Can anybody have a look at two cases relating to discretionary/nondiscretionary portfolios on page 298-299 in curriculum Vol 6? One is in the third paragraph on page 298, “a corporate client might prohibit the sale of company stock, or a foundation might similarly ban the sale of sentimental holdings, securities issued by the company in which its founder made a fortune…none of these constraints automatically renders a portfolio nondiscretionary.” While the other case is in the highlighted column on page 299, “A client could insist that manager retain specific holdings that might or might not otherwise be held in a portfolio…the outcome would not reflect the results of the manager’s actual discretionary investment management” Seems that the portfolio is rendered nondiscretionary. In both cases, specific holdings are retained and the sale of them are banned. Why the constraints in the former case will NOT render the portfolio nondiscretionary, while nondiscretionary in the later case? Thanks a lot!
I see discretionary/nondiscretionary portfolio differences as a greyed line; as there are levels of discretion/nondiscretion in all portfolios. for example: a portfolio that is entirely picked by the port mgr without any restrictions from the client would be 100% discretionary. However, a portfolio that consists only of securities that the client has deemed appropriate is less disctretionary as the mgr does not have a choice but to invest in those stocks( he may have the ability to decide weightings though). These are easy to see that one is discretionary and the other has very limited discretion, the difficulty becomes when the client has a few investments they restrict trading in. as the %age of assets that are restricted becomes larger, at what point does the portfolio become nondiscretionary? Does it matter what effect the restrictions have on the portfolio? What if the restricted stock is a small %age of assets, but contributes a large %age of return? or vice versa? The point I’m trying to make here is they are speaking of relative discretion in these portfolios. ie. one portfolio has less discretion if certain holdings are restricted from being sold or just because a client has a few restrictions the account may not necessarily be entirely nondiscretionary.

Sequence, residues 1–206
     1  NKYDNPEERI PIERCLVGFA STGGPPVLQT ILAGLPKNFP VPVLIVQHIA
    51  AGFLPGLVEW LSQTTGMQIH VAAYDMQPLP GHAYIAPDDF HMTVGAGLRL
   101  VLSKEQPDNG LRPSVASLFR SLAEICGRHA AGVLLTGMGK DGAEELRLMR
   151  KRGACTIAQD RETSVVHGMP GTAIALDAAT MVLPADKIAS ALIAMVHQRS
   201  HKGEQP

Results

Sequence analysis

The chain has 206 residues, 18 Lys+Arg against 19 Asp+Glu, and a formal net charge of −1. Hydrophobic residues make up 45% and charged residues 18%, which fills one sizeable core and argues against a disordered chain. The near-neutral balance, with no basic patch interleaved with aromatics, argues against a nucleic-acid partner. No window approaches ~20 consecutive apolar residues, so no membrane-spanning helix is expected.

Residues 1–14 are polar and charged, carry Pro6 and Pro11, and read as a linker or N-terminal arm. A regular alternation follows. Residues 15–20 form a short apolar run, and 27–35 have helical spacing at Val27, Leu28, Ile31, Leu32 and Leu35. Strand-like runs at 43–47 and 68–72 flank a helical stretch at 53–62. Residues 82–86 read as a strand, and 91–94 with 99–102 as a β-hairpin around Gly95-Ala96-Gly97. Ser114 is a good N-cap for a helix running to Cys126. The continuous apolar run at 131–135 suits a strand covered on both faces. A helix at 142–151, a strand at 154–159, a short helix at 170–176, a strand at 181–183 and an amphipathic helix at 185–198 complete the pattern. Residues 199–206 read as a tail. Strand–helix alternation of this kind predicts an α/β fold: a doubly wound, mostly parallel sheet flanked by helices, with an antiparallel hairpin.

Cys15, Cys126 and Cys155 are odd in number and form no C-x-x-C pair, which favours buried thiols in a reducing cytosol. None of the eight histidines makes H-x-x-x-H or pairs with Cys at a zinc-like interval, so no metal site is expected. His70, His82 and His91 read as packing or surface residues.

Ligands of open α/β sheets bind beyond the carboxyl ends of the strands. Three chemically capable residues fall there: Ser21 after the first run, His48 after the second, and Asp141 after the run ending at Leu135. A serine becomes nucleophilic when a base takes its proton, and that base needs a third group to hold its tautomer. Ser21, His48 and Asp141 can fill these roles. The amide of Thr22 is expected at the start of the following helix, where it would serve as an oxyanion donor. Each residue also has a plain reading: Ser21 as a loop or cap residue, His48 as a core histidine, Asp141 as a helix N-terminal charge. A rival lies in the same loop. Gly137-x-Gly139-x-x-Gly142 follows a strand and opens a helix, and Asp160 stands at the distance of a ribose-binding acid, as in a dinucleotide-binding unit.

Ultimately, the issue here is that anytime a portfolio manager is constrained from implementing the ideal strategy they would like to use due to client restrictions, the portfolio can be considered non-discretionary. The actual definition of what constitutes “discretionary” is defined on a firm-wide basis (so it could vary from firm to firm). I think the key in the first one is “none of these constraints AUTOMATICALLY renders a portfolio non-discretionary” - just because there are constraints on the portfolio doesn’t mean that the portfolio manager can’t implement the investment strategy that he/she wants.